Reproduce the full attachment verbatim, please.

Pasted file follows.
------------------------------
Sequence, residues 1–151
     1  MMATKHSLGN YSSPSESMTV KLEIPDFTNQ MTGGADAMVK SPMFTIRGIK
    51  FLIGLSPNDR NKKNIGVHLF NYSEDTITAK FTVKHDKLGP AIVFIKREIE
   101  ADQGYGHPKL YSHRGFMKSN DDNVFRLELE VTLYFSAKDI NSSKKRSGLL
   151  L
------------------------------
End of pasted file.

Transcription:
Sequence, residues 1–151
     1  MMATKHSLGN YSSPSESMTV KLEIPDFTNQ MTGGADAMVK SPMFTIRGIK
    51  FLIGLSPNDR NKKNIGVHLF NYSEDTITAK FTVKHDKLGP AIVFIKREIE
   101  ADQGYGHPKL YSHRGFMKSN DDNVFRLELE VTLYFSAKDI NSSKKRSGLL
   151  L